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It’s Your Move: daily chess puzzle #299

March 22, 2016


White to play and win


Laakmann v Jana Bellin, Cheltenham 1971


A much tougher one, and the best move, 1 Bb6! came to me after all else failed.


If 1…Rb6 then 2 Ne7+ and after K moves, 3 Ned5 picks up the exchange, as White also does after 2…Qe7 3 Qb6. So instead 1…Qb6[] when 2 Ne7+ Kh8 3 Qb6 Rb6[] 4 Nf5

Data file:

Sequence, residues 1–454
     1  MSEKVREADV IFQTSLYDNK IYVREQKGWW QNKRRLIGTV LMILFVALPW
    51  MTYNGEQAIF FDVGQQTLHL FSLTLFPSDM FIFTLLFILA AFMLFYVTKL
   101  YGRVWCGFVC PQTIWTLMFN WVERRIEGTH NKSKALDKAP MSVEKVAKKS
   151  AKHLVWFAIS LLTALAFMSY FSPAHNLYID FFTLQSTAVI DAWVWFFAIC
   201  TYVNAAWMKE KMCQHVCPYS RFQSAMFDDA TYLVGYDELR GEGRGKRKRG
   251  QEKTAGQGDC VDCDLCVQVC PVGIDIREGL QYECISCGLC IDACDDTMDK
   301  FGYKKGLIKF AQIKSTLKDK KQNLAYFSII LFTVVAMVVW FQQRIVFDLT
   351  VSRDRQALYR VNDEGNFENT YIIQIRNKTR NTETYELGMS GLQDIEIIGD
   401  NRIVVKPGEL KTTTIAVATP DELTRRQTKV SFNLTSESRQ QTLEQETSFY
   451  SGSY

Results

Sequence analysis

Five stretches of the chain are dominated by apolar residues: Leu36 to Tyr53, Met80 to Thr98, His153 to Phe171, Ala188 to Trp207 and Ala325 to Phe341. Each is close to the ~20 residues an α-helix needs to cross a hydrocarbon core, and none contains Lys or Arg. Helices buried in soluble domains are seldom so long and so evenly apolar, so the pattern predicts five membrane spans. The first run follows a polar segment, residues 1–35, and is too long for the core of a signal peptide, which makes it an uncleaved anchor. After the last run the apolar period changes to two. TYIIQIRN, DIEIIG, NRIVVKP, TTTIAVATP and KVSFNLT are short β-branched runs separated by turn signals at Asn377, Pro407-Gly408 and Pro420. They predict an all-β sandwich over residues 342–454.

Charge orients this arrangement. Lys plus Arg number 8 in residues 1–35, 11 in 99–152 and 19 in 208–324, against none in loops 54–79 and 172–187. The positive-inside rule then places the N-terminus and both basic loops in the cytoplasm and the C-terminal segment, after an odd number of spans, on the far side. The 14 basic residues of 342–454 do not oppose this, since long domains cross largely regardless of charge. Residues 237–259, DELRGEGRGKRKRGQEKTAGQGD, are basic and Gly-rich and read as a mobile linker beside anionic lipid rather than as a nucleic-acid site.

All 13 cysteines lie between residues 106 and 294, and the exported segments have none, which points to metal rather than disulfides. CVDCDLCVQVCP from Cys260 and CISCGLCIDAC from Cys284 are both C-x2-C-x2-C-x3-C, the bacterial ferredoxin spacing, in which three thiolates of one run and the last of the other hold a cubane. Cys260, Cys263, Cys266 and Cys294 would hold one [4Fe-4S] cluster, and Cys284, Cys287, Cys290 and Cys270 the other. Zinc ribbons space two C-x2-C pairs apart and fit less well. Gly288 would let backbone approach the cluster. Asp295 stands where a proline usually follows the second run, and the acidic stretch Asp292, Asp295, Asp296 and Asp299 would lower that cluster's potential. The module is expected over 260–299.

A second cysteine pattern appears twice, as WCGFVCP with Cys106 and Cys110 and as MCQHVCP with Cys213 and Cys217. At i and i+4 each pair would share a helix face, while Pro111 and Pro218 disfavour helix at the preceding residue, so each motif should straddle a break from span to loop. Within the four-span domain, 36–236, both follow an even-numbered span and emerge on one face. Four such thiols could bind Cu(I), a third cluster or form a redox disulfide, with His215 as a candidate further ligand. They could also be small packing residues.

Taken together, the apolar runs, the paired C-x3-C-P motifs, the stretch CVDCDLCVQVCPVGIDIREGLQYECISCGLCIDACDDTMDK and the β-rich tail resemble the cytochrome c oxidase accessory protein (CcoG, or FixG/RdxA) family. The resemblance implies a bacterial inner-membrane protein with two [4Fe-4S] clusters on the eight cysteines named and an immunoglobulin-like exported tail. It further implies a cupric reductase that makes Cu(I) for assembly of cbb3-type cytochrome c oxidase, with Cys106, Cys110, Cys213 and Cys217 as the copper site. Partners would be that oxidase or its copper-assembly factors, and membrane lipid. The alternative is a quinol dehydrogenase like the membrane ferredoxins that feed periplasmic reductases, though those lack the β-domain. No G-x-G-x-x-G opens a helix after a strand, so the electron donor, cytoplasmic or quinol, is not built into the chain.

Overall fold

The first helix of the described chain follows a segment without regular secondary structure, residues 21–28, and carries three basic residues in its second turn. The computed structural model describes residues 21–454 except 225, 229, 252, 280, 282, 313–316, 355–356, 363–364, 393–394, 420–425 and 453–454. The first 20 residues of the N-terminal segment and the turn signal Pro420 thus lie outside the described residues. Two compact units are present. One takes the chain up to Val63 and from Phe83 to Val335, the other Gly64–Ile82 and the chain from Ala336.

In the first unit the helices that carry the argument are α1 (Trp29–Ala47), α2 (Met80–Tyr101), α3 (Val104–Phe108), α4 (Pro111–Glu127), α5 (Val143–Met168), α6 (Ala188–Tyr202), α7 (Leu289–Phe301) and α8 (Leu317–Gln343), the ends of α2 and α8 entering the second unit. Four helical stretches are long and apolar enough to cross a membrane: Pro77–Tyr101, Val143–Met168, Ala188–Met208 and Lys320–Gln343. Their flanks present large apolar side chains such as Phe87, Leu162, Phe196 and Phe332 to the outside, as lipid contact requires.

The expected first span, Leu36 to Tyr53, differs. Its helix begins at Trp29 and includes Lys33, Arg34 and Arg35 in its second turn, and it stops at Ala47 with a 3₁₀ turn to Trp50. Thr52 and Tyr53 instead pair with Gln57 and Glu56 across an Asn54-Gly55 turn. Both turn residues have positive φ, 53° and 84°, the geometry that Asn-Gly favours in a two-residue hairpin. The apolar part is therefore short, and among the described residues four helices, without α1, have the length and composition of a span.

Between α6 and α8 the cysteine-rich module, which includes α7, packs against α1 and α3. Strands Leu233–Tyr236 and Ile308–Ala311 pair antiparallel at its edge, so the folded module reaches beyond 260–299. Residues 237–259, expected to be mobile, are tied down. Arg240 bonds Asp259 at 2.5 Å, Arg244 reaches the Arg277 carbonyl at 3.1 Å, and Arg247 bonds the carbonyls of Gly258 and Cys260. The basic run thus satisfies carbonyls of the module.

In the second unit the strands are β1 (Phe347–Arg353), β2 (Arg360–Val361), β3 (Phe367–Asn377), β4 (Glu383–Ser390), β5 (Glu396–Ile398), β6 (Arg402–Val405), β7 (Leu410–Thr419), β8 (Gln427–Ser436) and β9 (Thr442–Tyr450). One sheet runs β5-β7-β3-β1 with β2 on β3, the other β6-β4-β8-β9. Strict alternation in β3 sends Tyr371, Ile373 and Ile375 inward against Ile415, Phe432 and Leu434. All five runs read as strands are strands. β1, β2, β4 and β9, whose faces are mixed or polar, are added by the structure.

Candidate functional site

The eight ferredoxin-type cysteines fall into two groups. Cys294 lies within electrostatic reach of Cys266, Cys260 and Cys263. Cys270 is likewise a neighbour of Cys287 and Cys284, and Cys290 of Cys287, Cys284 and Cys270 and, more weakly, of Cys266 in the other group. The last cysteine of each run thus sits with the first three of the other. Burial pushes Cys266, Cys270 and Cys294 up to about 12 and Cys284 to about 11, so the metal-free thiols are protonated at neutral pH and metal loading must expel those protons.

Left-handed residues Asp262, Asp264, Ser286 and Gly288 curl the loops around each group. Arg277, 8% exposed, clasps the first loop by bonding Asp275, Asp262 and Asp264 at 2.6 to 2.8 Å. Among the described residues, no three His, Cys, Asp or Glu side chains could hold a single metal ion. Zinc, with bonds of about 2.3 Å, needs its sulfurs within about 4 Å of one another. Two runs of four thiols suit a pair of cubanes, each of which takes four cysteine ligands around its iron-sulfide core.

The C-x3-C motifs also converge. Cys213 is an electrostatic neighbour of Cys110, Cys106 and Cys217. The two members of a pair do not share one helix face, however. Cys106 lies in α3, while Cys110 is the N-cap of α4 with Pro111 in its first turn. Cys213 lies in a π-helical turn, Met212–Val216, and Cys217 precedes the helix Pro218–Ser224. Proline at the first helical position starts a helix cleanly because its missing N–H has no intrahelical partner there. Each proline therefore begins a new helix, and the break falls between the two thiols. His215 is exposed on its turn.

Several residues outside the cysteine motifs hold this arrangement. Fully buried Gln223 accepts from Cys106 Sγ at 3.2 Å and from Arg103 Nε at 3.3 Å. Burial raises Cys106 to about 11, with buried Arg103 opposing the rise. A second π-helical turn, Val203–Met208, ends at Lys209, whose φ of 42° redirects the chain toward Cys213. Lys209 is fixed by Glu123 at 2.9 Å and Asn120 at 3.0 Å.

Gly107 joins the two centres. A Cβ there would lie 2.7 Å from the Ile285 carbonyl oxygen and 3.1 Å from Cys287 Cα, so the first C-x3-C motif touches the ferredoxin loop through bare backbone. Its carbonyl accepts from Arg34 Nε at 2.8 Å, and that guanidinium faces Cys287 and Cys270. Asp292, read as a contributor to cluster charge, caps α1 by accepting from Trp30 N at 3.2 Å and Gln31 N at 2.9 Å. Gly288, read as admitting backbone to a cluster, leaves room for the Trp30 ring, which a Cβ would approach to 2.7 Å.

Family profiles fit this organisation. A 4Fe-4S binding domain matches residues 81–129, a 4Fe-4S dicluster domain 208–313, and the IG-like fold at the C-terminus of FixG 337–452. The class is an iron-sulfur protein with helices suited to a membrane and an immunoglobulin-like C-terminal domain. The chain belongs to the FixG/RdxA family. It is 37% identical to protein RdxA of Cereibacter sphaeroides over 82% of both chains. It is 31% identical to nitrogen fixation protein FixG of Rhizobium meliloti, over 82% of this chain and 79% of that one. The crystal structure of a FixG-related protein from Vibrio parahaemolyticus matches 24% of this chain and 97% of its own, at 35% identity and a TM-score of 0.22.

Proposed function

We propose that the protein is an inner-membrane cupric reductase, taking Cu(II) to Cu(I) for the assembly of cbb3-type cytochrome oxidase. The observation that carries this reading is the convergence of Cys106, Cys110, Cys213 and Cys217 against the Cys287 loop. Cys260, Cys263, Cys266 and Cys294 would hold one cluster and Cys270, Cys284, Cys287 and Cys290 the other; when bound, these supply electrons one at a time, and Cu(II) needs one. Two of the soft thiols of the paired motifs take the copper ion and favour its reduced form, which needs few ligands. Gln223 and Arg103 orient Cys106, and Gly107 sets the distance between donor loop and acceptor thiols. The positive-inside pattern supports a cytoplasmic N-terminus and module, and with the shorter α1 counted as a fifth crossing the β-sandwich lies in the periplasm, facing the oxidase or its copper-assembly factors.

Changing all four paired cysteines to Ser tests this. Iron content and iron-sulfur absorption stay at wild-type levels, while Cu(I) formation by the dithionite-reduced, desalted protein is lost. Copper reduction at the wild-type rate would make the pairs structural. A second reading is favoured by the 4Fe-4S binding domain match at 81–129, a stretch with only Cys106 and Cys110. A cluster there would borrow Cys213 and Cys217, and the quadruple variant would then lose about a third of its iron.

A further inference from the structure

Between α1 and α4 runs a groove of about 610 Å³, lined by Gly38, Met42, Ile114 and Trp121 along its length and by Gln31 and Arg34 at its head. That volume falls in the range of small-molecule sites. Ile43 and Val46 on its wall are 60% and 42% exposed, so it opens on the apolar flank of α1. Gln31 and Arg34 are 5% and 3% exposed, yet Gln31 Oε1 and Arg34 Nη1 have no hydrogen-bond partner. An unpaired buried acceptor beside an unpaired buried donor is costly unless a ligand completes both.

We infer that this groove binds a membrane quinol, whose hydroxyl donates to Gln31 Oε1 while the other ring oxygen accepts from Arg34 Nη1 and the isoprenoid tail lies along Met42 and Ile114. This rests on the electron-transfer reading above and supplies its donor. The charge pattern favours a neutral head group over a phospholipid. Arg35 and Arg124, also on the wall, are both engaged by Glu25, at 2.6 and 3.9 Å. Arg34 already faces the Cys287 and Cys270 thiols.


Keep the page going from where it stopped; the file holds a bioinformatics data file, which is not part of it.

and the surprising thing, which I couldn’t see from the initial position, is that the bind (which I could see) was winning. The threat of e6-e7 overloads the Rd8 which can’t protect the eighth rank and the Nd6 at the same time.

In the game, White chose the weaker 1 Rd6 Rd6! (1…Bd6 2 Ba7! rather than the move Teschner gives, 2 Qg3 which is met by 2..Kg8 or 2…g6) and Black eventually won.


From → Chess

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